Here’s to the crazy ones. The misfits. The rebels. The

Here’s to the crazy ones. The misfits. The rebels. The troublemakers.

The round pegs in the square holes. The ones who see things differently.

They’re not fond of rules. And they have no respect for the status quo.


You can quote them, disagree with them, glorify or vilify them. About the

only thing you can’t do is ignore them. Because they change things. They

push the human race forward. And while some may see them as the crazy

ones, we see genius. Because the people who are crazy enough

In order to evoke the spirit of Dead Poets Society, Clow and Jobs wanted to

get Robin Williams to read the narration. His agent said that Williams didn’t

do ads, so Jobs tried to call him directly. He got through to Williams’s wife,

who would not let him talk to the actor because she knew how persuasive

he could be. They also considered Maya Angelou and Tom Hanks. At a

fund-raising dinner featuring Bill Clinton that fall, Jobs pulled the president

aside and asked him to telephone Hanks to talk him into it, but the

president pocket-vetoed the request. They ended up with Richard

Dreyfuss, who was a dedicated Apple fan.


to think they can change the world are the ones who do.

Jobs, who could identify with each of those sentiments, wrote some of the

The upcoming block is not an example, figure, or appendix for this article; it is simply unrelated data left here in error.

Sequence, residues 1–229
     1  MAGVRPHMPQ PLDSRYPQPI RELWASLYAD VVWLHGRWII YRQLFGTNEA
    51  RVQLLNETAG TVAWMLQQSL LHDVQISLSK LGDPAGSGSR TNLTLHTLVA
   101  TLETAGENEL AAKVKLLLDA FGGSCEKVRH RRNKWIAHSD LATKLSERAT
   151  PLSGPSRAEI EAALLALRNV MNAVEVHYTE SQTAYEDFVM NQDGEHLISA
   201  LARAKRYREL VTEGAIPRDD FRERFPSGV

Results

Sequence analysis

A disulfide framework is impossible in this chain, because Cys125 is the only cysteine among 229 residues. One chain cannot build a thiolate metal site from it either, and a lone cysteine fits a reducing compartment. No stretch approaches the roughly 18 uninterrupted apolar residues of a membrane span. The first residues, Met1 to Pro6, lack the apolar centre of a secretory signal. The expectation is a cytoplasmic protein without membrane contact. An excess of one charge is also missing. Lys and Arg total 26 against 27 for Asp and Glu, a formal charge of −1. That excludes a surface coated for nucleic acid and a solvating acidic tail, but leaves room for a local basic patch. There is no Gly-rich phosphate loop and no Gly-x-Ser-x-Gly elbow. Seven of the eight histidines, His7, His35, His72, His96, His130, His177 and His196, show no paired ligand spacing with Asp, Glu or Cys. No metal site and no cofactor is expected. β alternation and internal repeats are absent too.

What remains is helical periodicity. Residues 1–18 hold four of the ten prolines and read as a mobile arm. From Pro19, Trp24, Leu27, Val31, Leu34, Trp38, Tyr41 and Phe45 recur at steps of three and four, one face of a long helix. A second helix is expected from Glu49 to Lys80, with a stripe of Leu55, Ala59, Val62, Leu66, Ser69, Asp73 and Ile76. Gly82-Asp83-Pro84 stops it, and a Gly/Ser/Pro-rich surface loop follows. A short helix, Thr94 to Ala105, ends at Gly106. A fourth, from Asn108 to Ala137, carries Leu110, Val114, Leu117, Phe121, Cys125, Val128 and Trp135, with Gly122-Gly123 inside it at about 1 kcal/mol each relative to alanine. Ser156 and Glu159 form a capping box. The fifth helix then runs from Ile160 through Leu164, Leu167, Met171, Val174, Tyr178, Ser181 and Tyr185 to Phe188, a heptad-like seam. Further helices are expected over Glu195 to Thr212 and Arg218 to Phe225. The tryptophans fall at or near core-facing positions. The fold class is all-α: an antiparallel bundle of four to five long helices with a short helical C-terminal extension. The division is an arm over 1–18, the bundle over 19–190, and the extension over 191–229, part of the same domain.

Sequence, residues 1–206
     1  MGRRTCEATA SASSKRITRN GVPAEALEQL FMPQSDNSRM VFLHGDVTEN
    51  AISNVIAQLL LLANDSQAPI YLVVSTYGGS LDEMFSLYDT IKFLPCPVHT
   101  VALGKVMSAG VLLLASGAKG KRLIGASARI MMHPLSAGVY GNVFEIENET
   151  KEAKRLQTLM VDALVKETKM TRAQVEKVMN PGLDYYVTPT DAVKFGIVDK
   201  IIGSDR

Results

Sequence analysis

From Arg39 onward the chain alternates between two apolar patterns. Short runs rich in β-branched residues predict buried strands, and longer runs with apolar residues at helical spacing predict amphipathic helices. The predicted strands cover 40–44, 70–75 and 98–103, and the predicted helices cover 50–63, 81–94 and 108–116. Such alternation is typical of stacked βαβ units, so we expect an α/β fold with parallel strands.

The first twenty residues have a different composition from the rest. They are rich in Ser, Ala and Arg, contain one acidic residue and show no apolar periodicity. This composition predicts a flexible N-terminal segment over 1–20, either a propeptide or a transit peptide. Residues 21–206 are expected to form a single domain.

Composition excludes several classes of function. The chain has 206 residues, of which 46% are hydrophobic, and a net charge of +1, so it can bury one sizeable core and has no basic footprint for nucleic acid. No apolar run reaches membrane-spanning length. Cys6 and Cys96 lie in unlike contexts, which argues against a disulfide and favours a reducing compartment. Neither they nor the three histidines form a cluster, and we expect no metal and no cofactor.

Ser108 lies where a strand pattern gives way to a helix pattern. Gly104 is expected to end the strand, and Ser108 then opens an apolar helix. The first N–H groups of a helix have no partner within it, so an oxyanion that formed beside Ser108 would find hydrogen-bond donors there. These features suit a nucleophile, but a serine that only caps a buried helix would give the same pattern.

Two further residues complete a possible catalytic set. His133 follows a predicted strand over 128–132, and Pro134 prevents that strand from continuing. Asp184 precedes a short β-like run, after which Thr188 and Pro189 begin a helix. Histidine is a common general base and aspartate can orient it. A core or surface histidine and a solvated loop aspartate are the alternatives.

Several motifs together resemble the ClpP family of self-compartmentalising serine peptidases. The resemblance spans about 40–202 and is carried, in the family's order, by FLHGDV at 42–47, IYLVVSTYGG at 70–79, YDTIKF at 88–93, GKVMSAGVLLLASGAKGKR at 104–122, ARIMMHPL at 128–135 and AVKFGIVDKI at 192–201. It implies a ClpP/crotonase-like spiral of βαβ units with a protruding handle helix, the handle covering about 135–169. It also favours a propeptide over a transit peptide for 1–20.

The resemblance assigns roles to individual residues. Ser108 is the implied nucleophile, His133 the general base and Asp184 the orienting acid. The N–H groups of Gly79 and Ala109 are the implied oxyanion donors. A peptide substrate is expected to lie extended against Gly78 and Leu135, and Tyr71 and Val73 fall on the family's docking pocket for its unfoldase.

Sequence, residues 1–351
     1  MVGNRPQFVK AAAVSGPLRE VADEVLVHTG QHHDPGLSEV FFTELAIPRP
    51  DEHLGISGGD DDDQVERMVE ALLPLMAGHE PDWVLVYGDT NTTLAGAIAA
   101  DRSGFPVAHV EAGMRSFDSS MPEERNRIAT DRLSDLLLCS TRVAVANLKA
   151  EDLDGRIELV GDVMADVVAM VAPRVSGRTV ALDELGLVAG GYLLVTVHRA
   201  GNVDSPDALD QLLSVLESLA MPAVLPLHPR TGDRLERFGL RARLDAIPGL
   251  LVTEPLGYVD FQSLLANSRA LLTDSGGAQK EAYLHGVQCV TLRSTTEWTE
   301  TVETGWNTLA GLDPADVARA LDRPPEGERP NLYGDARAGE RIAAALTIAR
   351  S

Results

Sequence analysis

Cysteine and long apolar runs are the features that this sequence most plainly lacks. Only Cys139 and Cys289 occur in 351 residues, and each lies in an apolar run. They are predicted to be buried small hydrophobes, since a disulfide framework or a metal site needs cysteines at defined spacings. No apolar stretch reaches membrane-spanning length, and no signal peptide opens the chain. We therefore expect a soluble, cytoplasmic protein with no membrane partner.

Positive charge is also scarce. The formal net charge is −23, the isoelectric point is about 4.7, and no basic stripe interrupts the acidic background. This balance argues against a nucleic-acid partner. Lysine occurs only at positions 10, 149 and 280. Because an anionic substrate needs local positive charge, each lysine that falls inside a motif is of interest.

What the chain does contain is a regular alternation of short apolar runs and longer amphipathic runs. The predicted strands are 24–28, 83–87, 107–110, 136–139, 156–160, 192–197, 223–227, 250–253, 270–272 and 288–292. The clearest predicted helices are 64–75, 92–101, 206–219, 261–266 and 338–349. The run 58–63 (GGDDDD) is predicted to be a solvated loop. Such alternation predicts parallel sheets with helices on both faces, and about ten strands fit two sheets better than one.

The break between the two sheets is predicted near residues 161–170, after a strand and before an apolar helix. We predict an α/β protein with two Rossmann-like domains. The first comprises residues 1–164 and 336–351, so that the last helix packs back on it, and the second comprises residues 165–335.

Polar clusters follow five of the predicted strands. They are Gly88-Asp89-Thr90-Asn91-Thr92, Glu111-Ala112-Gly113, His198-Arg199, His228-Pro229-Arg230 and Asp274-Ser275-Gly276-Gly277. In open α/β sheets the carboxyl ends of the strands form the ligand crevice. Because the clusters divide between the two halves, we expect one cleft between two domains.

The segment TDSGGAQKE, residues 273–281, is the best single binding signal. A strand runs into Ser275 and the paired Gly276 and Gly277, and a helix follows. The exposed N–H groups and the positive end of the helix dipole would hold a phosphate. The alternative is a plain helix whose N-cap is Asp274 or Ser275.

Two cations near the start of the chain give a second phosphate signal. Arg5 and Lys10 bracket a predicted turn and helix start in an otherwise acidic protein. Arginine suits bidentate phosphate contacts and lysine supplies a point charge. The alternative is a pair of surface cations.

lines himself, including “They push the human race forward.” By the time of


the Boston Macworld in early August, they had produced a rough version.

They agreed it was not ready, but Jobs used the concepts, and the “think

different” phrase, in his keynote speech there. “There’s a germ of a brilliant


idea there,” he said at the time. “Apple is about people who think outside

the box, who want to use computers to help them change the world.”

They debated the grammatical issue: If “different” was supposed to modify


the verb “think,” it should be an adverb, as in “think differently.” But Jobs

insisted that he wanted “different” to be used as a noun, as in “think victory”


or “think beauty.” Also, it echoed colloquial use, as in “think big.” Jobs later

explained, “We discussed whether it was correct before we ran it. It’s grammatical,


if you think about what we’re trying to say. It’s not think the same, it’s

think different. Think a little different, think a lot different,


think different.

‘Think differently’

wouldn’t hit the

meaning for me.”

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